Ergonomics issues in Construction

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Ergonomics, MSD

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Ergonomics issues in Construction

  1. 1. 1 11/6/2013 CONSTRUCTION ERGONOMICS SIMPLE SOLUTIONS ANKUR SHARMA 12IH401, MIHS
  2. 2.  Ergonomics (er'gõ nom'iks):  The study of work and the relationship of work to the physical and cognitive capabilities of people  Fitting the job (tools, tasks, and environment) to the employee, instead of forcing the worker to fit the job  Ergonomic principles derived from many areas, including:  Biomechanics  Physiology  Anthropometry  Industrial engineering  Safety What is Ergonomics?
  3. 3. • Two classifications of ergonomic injuries • Cumulative Trauma Disorders (CTD’s) – exposure driven • Strains/Sprains – instantaneous (event driven) Ergonomic Injuries
  4. 4. • Cumulative Trauma Disorders (CTD’s) • • • Injury to soft tissue caused by prolonged exposure to multiple ergonomic risk factors Typically develop in small body segments (i.e. fingers, wrists, elbows, and neck) Examples of CTD’s • • • Tendon disorders: • Inflammation of tendon and/or tendon sheathing caused by repeated rubbing against ligaments, bone, etc. • Lateral epicondylitis (tennis elbow) Nerve disorders: • Compression of nerves from repeated or sustained exposure to sharp edges, bones, ligaments, and/or tendons • Carpal tunnel syndrome Neurovascular disorders: • Compression of blood vessels and/or nerves from repeated exposure to vibration or cold temperatures • Raynaud’s phenomenon (white finger syndrome) Ergonomic Injuries
  5. 5. • Strains & Sprains • Injury to connective tissue caused by single forceful event: lifting heavy objects in awkward position • Common to large body segments (i.e. back, legs, and shoulders) • Risk of injury increases with the presence of multiple risk factors Ergonomic Injuries
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  7. 7. Ergonomic Risk Factors Static Loading Repetition Force Risk of injury increases with:  Prolonged exposure to any of these ergonomic risk factors  Presence of multiple risk factors within a single job task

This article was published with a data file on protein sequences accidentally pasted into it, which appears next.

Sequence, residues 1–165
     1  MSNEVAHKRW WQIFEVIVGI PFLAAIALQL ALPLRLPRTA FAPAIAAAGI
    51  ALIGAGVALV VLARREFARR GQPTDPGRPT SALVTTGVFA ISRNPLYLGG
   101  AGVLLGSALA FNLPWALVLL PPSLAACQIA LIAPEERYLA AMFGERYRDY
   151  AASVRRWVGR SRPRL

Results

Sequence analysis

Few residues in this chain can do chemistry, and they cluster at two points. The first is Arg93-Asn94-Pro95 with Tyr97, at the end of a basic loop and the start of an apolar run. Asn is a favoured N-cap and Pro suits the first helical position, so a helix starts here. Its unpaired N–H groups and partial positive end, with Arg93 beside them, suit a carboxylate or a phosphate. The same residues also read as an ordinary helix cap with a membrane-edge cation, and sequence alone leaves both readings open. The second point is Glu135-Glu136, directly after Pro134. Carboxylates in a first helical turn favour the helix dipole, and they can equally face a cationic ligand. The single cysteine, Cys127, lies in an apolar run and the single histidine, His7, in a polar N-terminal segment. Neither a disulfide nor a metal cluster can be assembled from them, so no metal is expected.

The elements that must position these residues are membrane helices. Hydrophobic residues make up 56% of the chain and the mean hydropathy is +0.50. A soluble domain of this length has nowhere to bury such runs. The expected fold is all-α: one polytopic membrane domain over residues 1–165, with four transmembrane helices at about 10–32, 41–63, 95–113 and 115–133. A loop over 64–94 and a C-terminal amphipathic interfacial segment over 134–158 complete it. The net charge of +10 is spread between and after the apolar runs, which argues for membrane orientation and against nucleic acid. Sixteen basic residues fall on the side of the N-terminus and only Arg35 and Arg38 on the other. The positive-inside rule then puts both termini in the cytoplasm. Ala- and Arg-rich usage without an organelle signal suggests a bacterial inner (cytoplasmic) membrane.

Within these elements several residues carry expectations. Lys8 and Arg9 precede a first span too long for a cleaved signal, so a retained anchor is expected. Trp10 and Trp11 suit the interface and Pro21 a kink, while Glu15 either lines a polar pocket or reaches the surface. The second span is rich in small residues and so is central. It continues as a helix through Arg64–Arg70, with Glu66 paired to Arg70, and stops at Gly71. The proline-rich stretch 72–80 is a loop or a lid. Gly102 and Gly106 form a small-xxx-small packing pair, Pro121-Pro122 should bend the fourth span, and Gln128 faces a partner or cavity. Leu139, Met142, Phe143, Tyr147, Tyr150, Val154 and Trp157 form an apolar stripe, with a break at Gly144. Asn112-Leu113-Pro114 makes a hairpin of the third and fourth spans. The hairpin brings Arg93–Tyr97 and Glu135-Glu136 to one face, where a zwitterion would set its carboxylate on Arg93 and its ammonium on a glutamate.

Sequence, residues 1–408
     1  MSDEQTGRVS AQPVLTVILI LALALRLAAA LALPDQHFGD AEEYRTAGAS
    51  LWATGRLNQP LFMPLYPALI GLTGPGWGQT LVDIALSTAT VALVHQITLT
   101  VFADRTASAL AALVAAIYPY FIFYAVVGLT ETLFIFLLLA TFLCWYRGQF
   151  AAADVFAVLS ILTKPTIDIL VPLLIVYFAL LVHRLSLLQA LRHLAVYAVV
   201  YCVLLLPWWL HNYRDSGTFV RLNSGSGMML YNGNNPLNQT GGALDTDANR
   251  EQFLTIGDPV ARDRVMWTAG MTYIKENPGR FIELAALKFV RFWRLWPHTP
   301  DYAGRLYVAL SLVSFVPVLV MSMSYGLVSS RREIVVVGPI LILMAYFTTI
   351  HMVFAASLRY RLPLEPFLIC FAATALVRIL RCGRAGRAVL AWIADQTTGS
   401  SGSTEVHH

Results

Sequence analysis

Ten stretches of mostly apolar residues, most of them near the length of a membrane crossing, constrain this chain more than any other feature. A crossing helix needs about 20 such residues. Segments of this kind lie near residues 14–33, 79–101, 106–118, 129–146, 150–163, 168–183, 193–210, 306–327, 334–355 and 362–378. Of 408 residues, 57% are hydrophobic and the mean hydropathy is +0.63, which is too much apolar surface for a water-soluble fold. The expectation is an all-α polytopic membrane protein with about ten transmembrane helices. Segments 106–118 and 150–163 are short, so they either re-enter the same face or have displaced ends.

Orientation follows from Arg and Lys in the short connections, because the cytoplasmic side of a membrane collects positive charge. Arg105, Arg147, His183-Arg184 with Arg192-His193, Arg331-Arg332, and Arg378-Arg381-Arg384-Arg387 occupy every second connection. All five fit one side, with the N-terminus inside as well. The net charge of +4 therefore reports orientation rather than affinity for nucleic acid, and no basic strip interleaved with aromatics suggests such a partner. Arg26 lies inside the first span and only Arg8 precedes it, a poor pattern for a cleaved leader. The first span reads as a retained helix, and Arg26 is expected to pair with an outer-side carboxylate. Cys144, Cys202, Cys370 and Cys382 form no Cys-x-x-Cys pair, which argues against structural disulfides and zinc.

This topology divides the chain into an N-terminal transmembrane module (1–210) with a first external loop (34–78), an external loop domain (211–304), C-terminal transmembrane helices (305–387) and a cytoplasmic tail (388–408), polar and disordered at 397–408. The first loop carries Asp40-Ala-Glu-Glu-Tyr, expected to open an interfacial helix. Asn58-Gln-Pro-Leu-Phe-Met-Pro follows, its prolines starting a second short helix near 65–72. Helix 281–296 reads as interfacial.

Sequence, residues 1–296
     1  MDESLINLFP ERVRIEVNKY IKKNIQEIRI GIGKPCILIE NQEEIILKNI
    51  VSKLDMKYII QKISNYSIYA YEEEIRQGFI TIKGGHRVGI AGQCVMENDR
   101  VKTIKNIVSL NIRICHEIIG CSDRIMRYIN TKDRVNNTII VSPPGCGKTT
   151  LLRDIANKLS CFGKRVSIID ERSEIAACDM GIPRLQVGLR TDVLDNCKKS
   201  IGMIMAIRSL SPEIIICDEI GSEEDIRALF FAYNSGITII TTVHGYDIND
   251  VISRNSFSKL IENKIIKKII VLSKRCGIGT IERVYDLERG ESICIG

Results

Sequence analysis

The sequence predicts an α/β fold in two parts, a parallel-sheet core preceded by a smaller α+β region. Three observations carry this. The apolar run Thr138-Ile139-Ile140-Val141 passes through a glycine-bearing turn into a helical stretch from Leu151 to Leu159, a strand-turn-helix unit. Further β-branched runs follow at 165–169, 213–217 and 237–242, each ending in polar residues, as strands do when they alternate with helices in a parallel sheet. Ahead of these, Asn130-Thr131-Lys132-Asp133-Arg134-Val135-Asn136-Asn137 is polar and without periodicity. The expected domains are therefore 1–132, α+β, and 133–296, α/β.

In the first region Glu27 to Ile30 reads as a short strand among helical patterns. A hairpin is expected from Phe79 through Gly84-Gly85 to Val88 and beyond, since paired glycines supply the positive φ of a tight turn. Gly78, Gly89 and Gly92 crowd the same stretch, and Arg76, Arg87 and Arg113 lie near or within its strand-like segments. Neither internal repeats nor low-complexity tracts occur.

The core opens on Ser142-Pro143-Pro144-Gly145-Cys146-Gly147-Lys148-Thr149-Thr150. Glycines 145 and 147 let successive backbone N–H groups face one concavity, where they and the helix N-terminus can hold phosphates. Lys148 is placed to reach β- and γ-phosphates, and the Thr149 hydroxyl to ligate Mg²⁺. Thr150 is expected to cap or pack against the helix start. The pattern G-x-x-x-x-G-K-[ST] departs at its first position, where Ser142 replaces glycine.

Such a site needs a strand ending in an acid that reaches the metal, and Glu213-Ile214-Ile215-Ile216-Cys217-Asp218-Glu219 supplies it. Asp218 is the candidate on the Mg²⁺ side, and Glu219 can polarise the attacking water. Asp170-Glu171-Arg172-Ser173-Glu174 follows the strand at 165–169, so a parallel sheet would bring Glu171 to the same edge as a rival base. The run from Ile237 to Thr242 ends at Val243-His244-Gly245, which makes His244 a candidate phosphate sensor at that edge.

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  10. 10. • Benefits of stretching: • Increases flexibility/elasticity of muscles • Increases circulation to warm the muscles, improving mental alertness, reducing fatigue • Decreases muscle tension and stress • When to Stretch: • • • • • Prior to starting your day During short breaks (at least once per hour) After breaks or lunch to prevent fatigue If tension or stress is apparent After a lengthy task duration or an extended awkward posture Stretching Basics
  11. 11. Proper stretching techniques: • • • • • • Relax and breathe normally. Do not hold your breath. Hold each stretch for a count of 15, or as long as comfort is maintained. Use gentle, controlled motions. Do not bounce! Keep the knees slightly bent for better balance. Stretch until a mild tension is felt, then relax. Stretch by how you feel and not by how far you can go. Stretching Basics
  12. 12. Simple Solutions Ergonomics for Construction Workers 12 11/6/2013
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  14. 14. Floor and GroundLevel Work 14 11/6/2013
  15. 15. STOOPING TO USE SCREW GUN 15 AUTOFEED STAND-UP SCREW GUN 11/6/2013
  16. 16. HAND SCREEDING 16 11/6/2013
  17. 17. MOTORIZED SCREEDING 17 11/6/2013
  18. 18. TYING REBAR BY HAND REBAR-TYING TOOL WITH 18 EXTENSION HANDLE 11/6/2013
  19. 19. Kneeling to work near floor LAYING TILE WITH KNEELING CREEPER 19 11/6/2013
  20. 20. CONVENTIONAL UNGUARDED FRAME SCAFFOLDING 20 11/6/2013
  21. 21. Masons finish top course on split-level One Solution : adjustable scaffolding 21 11/6/2013
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  23. 23. MECHANICAL LIFTS REDUCE THE STRAIN OF HOLDING AND POSITIONING OBJECTS PERSON-LIFTS PROVIDE STABLE PLATFORMS FOR OVERHEAD WORK AND ELIMINATE HANDLING OF LADDERS AND SCAFFOLDING 23 11/6/2013
  24. 24. Problem: Drilling overhead 24 11/6/2013
  25. 25. Solution: Using extension 25 11/6/2013
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  28. 28. Manual Material Handling Steps 28 11/6/2013
  29. 29. PROBLEM: LAYING STANDARD CONCRETE BLOCK 29 11/6/2013